Defendant filed a timely notice of removal to federal court contending that plaintiff's claim for wrongful termination in violation of public policy was an artfully pled claim for relief under the Labor Management Relations Act ("LMRA"), the Surface Transportation Assistance Act ("STAA"), and the Occupational Safety and Health Act ("OSHA"). Defendant insists that the LMRA, STAA, and OSHA preempt plaintiff's state law claim, and original jurisdiction of plaintiff's cause of action therefore lies in federal court. Plaintiff timely filed this motion to remand.

DISCUSSION

A. Removal Jurisdiction

A suit can be removed to federal court under 28 U.S.C. § 1441(b) if "the district courts have original jurisdiction founded on a claim or right arising under the Constitution, treaties, or laws of the United States." A claim, however, cannot be removed to federal court if the federal claim is only a defense. See Harper v. San Diego Transit Corp., 764 F.2d 663, 666 (9th Cir. 1985). "Because preemption is ordinarily raised as a defense, preemption alone is an insufficient basis for removal." Id. If, however, federal law displaces state law and confers a federal remedy on the plaintiff, removal may be appropriate. See id.

Whether federal law displaces state law implicates the "well-pleaded complaint rule." "A plaintiff may not . . . avoid federal jurisdiction simply by omitting from the complaint federal law essential to his claim, or by casting in state law terms a claim that can be made only under federal law. Jurisdiction is determined on the well-pleaded complaint." Olguin v. Inspiration Consol. Copper Co., 740 F.2d 1468, 1472 (9th Cir. 1984), overruled on other grounds, Allis-Chalmers v. Lueck, 471 U.S. 202, 105 S.Ct. 1904, 85 L.Ed.2d 206 (1985); see also Parrino v. FHP, Inc., 146 F.3d 699, 704 (9th Cir.), cert. denied, 525 U.S. 1001, 119 S.Ct. 510, 142 L.Ed.2d 423 (1998). In other words, if a federal cause of action completely preempts a state cause of action, any claim that falls within the scope of the federal law necessarily implicates federal jurisdiction. See Franchise Tax Bd. v. Construction Laborers Vacation Trust, 463 U.S. 1, 24, 103 S.Ct. 2841, 77 L.Ed.2d 420 (1983).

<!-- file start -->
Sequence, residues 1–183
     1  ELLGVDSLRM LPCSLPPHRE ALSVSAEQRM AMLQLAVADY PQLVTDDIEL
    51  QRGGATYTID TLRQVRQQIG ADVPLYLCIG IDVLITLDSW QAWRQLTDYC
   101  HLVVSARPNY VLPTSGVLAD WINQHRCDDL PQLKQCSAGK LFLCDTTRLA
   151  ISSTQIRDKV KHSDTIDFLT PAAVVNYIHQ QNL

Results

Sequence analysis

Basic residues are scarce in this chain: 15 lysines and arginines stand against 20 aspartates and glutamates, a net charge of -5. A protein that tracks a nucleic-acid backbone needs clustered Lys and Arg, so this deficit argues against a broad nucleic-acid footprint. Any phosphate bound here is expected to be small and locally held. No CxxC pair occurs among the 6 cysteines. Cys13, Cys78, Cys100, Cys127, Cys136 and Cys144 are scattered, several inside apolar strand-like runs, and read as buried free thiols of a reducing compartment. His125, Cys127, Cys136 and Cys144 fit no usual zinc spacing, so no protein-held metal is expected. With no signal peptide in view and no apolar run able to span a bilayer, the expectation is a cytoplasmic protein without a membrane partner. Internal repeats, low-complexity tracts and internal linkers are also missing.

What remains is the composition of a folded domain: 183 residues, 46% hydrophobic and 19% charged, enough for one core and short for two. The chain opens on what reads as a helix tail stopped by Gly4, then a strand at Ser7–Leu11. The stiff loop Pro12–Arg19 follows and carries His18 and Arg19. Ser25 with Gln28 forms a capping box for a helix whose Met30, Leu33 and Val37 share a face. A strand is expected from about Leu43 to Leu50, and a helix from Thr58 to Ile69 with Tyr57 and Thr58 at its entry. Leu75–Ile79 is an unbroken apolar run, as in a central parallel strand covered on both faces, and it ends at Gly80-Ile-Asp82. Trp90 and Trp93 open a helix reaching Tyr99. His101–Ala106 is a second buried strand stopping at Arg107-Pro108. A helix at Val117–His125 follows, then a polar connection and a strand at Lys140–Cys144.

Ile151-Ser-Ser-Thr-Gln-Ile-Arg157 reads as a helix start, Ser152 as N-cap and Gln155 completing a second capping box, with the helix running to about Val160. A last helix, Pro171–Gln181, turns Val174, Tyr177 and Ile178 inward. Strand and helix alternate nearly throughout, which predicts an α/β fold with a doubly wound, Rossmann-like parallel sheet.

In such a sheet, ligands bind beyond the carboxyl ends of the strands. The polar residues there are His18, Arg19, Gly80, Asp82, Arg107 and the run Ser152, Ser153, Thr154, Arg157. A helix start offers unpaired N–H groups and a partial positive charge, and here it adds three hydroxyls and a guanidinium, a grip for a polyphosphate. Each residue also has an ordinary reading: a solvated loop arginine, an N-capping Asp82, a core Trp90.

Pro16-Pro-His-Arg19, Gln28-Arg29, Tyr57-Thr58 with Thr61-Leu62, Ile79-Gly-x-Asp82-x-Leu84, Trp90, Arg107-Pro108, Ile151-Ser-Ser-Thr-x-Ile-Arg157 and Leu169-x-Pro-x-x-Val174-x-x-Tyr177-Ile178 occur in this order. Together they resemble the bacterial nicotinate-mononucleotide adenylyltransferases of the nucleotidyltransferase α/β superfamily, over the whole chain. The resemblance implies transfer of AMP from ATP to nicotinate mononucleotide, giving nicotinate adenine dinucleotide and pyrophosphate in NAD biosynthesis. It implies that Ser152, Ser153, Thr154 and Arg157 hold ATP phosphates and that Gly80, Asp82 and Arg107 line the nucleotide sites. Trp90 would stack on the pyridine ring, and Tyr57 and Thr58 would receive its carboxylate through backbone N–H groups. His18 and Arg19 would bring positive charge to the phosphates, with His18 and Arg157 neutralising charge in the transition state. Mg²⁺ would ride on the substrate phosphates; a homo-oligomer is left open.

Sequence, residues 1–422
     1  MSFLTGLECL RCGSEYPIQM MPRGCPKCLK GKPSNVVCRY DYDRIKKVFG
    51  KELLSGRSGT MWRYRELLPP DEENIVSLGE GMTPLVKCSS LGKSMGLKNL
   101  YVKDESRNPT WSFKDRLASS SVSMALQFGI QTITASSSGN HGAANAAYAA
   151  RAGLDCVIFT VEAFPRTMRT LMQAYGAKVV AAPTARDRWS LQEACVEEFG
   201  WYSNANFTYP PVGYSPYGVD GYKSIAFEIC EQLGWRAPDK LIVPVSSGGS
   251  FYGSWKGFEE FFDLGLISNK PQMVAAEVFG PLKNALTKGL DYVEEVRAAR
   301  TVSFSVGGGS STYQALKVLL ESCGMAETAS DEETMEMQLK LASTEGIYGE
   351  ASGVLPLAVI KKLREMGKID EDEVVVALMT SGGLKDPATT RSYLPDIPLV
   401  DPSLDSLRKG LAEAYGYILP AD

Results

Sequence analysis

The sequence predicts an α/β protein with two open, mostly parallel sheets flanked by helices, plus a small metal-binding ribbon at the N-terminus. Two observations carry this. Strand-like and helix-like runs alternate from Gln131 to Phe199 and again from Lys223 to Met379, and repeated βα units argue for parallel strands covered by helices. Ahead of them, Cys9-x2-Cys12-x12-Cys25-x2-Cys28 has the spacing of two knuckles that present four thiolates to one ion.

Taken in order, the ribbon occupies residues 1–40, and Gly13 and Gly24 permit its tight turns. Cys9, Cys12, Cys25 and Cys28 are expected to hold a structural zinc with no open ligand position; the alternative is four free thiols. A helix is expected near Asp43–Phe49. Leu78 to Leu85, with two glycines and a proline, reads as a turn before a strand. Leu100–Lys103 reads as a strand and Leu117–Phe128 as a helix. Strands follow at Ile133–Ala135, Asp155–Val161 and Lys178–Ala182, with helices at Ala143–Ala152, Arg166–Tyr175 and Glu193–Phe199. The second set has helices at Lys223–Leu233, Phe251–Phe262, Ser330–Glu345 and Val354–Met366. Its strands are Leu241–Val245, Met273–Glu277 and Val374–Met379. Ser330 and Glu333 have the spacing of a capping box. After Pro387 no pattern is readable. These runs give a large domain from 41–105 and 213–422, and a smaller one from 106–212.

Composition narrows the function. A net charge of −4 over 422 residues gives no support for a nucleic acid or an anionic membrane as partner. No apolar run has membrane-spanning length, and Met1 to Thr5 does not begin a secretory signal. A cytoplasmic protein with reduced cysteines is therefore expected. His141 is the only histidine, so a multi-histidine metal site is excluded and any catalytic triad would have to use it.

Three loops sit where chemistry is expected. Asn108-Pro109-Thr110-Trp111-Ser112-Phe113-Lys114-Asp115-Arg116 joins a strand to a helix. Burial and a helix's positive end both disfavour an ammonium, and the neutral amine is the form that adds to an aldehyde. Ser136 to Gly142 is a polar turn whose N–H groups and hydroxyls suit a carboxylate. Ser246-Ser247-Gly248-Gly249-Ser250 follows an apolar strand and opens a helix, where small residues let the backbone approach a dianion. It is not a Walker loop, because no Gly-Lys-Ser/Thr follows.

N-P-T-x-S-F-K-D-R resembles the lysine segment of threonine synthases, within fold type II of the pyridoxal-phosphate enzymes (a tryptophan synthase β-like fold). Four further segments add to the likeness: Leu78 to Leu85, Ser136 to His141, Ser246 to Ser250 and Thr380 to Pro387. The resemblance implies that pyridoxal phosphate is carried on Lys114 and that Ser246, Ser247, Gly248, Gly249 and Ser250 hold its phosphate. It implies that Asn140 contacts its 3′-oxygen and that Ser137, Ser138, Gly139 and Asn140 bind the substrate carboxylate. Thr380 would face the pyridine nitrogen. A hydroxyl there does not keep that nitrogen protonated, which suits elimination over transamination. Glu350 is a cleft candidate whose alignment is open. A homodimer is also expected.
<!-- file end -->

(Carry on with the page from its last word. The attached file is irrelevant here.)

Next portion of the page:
Courts refer to complete preemption in the removal context as the "artful pleading" doctrine. A plaintiff cannot "artfully plead" a preemptive federal claim in state law terms to avoid jurisdiction of the federal court. See Brennan v. Southwest Airlines, Co., 134 F.3d 1405, 1409 (9th Cir. 1998); Hyles v. Mensing, 849 F.2d 1213, 1215 (9th Cir. 1988). Claims falling into the artful pleading category are the exception; plaintiff is generally free to be the master of his complaint. See Clinton v. Acequia, 94 F.3d 568, 571 (9th Cir. 1996). In fact, the Supreme Court has largely limited a finding of complete preemption to two federal statutes: the LMRA and the Employee Retirement Income Security Act, 29 U.S.C. ยง 1144(a) ("ERISA"). As Congress has never exercised the authority to occupy the entire field of labor law, the touchstone of federal preemption lies with the court's examination of congressional intent. See Allis-Chalmers, 105 S.Ct. at 1910. If Congress fails to indicate the extent to which it intends federal law to supplant state involvement, a court generally ...